When we teach ecology and evolution, we do not teach in a historical vacuum. We constantly reference the individuals who developed particular concepts and we should make sure we highlight the contributions of Black scientists (for example, here, here and here). We also need to confront the racist history of most fields of science and undertake a programme of decolonization (see examples from anthropology, genetics, ecology and conservation). And we need to pay specific attention to the mentoring needs of students and early-career researchers from underrepresented groups, and take steps to counter any financial burdens they may be experiencing.

Finally, researchers need to acknowledge that as well as structural biases, there are repeated incidences of active racism in science, and we need to call out the individuals involved and take action against them. We need to ensure that ecology and evolution research is a career in which Black scientists feel safe and welcome.

As a journal, we pledge to take action. This is not the place for special pleadings on what we have already done, so we note it only to illustrate our failings. We have taken action to increase the diversity of our authors and reviewers, but this has focused predominantly on gender (and that only in a binary way), and secondarily on geography. We have not taken specific action on race, mistakenly thinking this would come about as an intersectional by-product. White editors must confront the fact that our own biases, as well as the inadvertent ways we have contributed to systemic racism and discrimination, have most likely made success for Black authors more difficult.

We need to take increased steps to ensure submissions from non-white authors are treated fairly. We do not currently have the set-up to document race or ethnicity of authors formally in our submission system, and this is something we will advocate for within the wider structure of Nature Research, as it will allow us to hold ourselves to account in a more quantitative way. As well as monitoring diversity across our published content and rejected submissions, such data could help us to start to explore whether certain fields that are particularly white-dominated are overrepresented in our pages. In the meantime, as an imperfect solution, we now ask authors, if they wish, to self-identify in their cover letters. We undertake to add an extra layer of editorial oversight to such submissions and will endeavour to provide additional guidance to those that are rejected without peer review, as we are aware that not all authors have access to equivalent networks of peer advice. It should be noted that the information in cover letters does not get sent to peer reviewers, and authors can also opt for double-blind peer review. The editors commit to undertake implicit bias training once a year, and we will encourage reviewers to do the same.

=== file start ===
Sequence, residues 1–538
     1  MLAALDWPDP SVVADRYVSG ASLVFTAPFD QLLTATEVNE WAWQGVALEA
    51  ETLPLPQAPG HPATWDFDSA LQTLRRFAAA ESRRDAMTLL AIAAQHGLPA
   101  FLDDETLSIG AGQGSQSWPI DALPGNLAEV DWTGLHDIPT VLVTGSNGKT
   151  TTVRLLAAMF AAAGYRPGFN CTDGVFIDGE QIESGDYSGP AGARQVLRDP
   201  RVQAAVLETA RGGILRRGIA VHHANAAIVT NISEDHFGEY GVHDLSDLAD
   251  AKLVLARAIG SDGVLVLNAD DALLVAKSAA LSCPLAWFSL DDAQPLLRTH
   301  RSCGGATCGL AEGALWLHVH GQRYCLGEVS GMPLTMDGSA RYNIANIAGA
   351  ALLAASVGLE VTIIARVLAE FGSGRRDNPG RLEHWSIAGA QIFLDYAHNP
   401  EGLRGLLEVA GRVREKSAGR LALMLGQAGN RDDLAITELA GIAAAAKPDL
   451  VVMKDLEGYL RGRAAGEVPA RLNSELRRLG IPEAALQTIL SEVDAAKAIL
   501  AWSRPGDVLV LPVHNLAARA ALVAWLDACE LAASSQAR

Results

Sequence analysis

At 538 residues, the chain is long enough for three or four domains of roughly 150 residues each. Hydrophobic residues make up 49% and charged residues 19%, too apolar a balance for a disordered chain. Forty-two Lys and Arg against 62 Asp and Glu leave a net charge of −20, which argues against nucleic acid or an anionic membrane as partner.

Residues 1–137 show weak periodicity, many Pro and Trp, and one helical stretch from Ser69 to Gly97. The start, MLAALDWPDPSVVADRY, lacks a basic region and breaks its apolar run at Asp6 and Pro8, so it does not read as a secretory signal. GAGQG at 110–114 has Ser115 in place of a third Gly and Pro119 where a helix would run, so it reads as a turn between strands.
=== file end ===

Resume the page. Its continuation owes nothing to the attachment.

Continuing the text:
We will increase our effort to represent Black voices in our commissioned content and publish more content that discusses diversity. We will use our Q&A section exclusively to showcase underrepresented groups at all career stages, and would welcome interested researchers contacting us to take part. We will set up a channel on our community site to discuss diversity and inclusion, and particularly encourage lab groups to discuss topics related to race and report their findings on that channel. We will direct our outreach activities towards institutes that are not white-dominated, and actively look for opportunities to talk to minority groups and individuals about publishing in Nature journals and editorial careers. We will not take part in all-white (or all-male) panel discussions, and we will only attend meetings that have a robust code of conduct. We will add further checks to our editorial processes for appropriate language relating to race in our published content, drawing on the wider expertise within Springer Nature and beyond. As a small professional editorial team, with very limited turnover (and no external editorial board), there are limits to what we can achieve alone. Therefore, we will use our influence to push for changes within Springer Nature and the wider publishing industry, such as formal anti-racist policies to empower those who speak out, proactive hiring efforts that are not predicated on the types of experience that white people are more likely to have had access to, and the prioritization of underrepresented groups when allocating funding and sponsorship.

Finally, we undertake to continue to fight racism and discriminatory structures as an ongoing process, and we will report on our progress in future editorials.